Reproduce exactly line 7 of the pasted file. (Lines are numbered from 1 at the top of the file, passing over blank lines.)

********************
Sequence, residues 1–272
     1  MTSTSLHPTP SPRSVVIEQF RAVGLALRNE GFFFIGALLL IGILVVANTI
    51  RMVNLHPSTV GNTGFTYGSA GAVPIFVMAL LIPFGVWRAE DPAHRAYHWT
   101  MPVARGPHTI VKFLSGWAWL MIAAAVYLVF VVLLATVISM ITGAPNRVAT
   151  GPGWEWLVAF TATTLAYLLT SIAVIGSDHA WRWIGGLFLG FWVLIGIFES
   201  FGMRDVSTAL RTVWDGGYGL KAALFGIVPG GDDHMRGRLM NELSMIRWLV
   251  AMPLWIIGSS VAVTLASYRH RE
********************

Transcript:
   251  AMPLWIIGSS VAVTLASYRH RE